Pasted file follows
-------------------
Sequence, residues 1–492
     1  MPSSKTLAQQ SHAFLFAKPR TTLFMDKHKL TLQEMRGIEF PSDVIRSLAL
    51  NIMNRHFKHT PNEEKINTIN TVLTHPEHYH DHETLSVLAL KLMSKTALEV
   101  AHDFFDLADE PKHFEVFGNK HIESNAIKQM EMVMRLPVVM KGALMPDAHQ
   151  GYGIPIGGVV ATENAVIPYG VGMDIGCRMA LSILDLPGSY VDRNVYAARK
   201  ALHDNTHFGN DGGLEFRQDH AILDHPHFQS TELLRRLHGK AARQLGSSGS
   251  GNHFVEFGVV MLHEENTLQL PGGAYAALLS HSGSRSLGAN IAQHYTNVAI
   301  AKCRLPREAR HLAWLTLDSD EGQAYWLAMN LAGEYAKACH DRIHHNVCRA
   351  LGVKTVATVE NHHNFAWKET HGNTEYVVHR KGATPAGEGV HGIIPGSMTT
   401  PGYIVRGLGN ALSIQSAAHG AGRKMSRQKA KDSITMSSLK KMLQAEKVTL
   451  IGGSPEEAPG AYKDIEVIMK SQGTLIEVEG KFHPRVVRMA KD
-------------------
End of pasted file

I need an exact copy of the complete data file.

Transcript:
Sequence, residues 1–492
     1  MPSSKTLAQQ SHAFLFAKPR TTLFMDKHKL TLQEMRGIEF PSDVIRSLAL
    51  NIMNRHFKHT PNEEKINTIN TVLTHPEHYH DHETLSVLAL KLMSKTALEV
   101  AHDFFDLADE PKHFEVFGNK HIESNAIKQM EMVMRLPVVM KGALMPDAHQ
   151  GYGIPIGGVV ATENAVIPYG VGMDIGCRMA LSILDLPGSY VDRNVYAARK
   201  ALHDNTHFGN DGGLEFRQDH AILDHPHFQS TELLRRLHGK AARQLGSSGS
   251  GNHFVEFGVV MLHEENTLQL PGGAYAALLS HSGSRSLGAN IAQHYTNVAI
   301  AKCRLPREAR HLAWLTLDSD EGQAYWLAMN LAGEYAKACH DRIHHNVCRA
   351  LGVKTVATVE NHHNFAWKET HGNTEYVVHR KGATPAGEGV HGIIPGSMTT
   401  PGYIVRGLGN ALSIQSAAHG AGRKMSRQKA KDSITMSSLK KMLQAEKVTL
   451  IGGSPEEAPG AYKDIEVIMK SQGTLIEVEG KFHPRVVRMA KD